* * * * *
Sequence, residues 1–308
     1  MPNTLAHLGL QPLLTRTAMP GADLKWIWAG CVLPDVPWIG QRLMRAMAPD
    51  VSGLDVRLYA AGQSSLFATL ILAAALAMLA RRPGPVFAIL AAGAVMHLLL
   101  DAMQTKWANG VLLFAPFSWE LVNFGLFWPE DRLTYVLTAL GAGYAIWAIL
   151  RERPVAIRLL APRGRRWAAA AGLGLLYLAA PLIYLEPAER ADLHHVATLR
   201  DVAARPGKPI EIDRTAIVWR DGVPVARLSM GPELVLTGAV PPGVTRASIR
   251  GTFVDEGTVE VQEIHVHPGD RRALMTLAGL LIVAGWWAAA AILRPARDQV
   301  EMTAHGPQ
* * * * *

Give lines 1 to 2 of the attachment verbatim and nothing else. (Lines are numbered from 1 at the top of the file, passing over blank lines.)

Sequence, residues 1–308
     1  MPNTLAHLGL QPLLTRTAMP GADLKWIWAG CVLPDVPWIG QRLMRAMAPD